Anonymous said...

Actually, Monkey Grip doesn't let you wield a two-handed weapon in one hand. All it does is allow you to wield a large one-handed weapon in one hand; so you could wield a large longsword with your main hand (oh, by way, Monkey Grip is only usable for the main hand).

My favorites were always:

1. Fighter: versatile and a whole bunch of options.
2. The Rogue: like the fighter, but focused on skills. The greatest thing about both classes is the high level of customization.
3. The Beguiler: way to cool to forget it. Rogue with illusion and enchantments? Just to suitable in almost every campaign setting.
4. The Sorcerer: simple and plain blast. Elegantly destructive.
5. The Bard: fun with the tipical archetype or curious with other backgrounds.

Anonymous said...

I've played D&D for over a decade now and I've played many characters and at this point I don't limit myself to straight builds. I'm a multiclasser all the way. But if I have to choose classes for what they are worth, I'll give my 2 cents:

5. Cleric; people underestimate the power of this bad boy every time. You can do SO much with a cleric that it baffles me to see people bash them. I've had a cleric in my party that worshipped Kord and wielded 4 greatswords via monkey grip and a cleric transmutation spell that makes you more like a gollarion. You can tank, you can heal, you can buff, you can make armies of summoned creatures or undead minions, or you can be on the front lines with some of the nastiest touch attacks in the game. I've even seen a light armored, scythe wielding monster that decapitated foes after casting darkness on them, and ebon eyes on himself. Clerics should never be underestimated especially in the minds of creative players.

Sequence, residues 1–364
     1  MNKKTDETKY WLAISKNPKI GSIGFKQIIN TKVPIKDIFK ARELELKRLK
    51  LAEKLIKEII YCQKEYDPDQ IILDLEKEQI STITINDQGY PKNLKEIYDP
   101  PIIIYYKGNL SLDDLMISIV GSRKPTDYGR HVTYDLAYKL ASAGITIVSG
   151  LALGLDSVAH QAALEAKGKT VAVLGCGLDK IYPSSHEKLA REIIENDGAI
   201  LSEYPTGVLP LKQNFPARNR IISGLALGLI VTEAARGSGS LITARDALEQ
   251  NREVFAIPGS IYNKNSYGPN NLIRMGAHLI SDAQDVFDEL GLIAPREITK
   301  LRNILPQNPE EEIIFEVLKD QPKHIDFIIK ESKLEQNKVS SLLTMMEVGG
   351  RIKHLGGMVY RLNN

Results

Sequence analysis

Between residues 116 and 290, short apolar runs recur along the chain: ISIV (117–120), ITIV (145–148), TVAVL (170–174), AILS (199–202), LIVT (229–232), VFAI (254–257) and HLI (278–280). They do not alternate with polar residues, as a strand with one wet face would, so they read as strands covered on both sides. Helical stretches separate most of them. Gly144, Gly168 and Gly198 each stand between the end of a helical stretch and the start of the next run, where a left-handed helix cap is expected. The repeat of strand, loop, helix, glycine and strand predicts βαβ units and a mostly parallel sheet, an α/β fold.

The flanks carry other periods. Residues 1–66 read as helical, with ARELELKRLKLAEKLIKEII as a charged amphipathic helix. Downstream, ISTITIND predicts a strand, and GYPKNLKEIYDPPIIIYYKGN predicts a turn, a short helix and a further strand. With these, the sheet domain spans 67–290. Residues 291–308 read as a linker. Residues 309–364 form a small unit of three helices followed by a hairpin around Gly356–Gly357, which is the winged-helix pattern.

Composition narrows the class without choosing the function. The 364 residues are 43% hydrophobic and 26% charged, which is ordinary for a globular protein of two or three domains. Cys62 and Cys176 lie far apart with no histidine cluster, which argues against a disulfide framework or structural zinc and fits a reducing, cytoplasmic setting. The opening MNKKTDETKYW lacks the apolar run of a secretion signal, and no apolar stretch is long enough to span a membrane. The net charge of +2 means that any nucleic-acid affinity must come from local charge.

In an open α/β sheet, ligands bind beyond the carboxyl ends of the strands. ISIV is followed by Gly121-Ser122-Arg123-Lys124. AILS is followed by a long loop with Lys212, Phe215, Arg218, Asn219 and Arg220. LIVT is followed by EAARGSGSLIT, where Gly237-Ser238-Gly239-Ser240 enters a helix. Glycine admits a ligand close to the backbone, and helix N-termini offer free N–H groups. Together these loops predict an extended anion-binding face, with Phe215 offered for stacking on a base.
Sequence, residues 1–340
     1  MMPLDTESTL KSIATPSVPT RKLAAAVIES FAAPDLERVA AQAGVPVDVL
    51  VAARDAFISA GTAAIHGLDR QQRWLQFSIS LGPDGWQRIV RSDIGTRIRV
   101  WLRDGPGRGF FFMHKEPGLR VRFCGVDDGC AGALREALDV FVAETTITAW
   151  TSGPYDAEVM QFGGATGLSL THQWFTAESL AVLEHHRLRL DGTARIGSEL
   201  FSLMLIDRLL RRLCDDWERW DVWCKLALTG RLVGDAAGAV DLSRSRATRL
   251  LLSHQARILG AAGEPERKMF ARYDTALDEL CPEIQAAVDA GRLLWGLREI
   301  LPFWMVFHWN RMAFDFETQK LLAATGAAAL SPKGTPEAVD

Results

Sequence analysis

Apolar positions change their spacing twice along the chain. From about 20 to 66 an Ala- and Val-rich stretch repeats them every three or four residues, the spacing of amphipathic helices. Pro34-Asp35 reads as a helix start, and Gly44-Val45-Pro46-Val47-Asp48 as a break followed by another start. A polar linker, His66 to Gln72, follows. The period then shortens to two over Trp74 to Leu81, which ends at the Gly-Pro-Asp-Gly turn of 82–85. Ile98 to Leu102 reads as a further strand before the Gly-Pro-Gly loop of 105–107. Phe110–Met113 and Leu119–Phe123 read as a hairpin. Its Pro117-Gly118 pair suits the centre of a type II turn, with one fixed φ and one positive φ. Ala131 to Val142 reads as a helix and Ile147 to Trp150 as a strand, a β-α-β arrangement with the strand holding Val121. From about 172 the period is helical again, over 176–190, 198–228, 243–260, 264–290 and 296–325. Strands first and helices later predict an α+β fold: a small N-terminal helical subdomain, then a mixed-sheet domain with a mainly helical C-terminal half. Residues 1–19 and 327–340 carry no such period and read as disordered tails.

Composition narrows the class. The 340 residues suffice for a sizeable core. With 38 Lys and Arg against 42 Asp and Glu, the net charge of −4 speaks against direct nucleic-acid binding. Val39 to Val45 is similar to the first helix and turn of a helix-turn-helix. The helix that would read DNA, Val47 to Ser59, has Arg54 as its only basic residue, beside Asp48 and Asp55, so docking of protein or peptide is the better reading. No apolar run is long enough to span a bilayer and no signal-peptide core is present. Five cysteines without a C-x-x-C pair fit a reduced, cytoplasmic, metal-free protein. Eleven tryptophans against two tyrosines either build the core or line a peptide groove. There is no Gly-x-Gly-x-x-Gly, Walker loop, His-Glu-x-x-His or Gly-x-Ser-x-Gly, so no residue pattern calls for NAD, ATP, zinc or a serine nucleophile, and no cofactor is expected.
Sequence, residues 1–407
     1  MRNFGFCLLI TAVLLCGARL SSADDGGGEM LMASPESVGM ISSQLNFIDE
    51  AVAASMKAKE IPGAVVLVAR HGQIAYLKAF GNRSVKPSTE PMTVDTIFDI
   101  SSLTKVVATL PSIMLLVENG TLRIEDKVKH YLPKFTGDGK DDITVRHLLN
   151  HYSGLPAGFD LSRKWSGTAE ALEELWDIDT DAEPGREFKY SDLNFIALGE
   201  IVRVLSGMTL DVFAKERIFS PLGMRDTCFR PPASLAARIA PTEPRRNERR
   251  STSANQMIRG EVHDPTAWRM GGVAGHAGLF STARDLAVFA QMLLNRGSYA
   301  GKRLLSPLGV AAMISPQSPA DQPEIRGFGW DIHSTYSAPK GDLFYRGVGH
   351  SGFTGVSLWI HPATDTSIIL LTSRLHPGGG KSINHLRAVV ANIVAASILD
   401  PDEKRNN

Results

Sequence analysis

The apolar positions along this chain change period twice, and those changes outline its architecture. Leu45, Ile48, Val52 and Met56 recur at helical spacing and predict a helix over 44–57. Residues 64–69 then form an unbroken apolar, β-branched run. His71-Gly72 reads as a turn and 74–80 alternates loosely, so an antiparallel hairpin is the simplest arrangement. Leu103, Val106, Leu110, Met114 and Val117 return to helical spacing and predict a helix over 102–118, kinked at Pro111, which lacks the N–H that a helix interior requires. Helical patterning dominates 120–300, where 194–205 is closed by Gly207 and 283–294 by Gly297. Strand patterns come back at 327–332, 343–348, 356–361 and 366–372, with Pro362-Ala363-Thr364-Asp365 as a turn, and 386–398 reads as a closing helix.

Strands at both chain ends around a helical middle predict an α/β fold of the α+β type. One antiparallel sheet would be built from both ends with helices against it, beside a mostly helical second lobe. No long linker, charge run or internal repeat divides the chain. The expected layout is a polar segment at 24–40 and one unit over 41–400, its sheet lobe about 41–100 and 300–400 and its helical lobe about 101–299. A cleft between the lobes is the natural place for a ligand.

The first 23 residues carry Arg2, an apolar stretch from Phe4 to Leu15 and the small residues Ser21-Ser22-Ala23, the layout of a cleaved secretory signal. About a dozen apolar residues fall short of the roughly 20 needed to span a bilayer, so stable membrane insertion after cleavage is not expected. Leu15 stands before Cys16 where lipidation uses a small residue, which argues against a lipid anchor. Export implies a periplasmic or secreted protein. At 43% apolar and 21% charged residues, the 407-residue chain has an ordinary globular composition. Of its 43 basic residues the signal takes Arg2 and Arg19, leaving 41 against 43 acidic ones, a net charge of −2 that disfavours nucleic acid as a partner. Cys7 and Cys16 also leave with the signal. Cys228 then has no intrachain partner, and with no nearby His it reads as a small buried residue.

4. Fighter; HAHAHAHAHAHAHAHA! I read fighters being underpowered and I had to laugh for a second. ARE YOU KIDDING ME!? Fighters are some of the most devastating front line combatants in the game. Why you ask? Because of feats. They gain so many feats that it's unreal. Yes, they have a gap after level 4, but you should never EVER think that leaves them short. Wizards of the coast did that very much on purpose because they are that strong. They get feats around 17th level that make it so they can attack twice on a standard attack, gain an extra attack with a favored weapon, attack normally when grappled with a favored weapon, auto confirm critical hits, and make cu da gras as a free action. On top of which, a fighter is an item whore. They are only good with items, but what luck! The whole point of the game is to get gear and gold to get better anyways. Having a +5 vorpal weapon, rings of deflection and armor, armor of major fortification, boots of speed, and cape of resistance and you are so ready to throw down on any beast in your path. Did I forget to mention that fighters are capable of using scrolls? Oh yeah, fighters can use scrolls, and wands, and staves, and any magic item in the game if you build them right. Screw being a wizard. Be a fighter. More life, more damage, more attacks, more armor, more murder, and magic to boot as long as you have the cash to do it.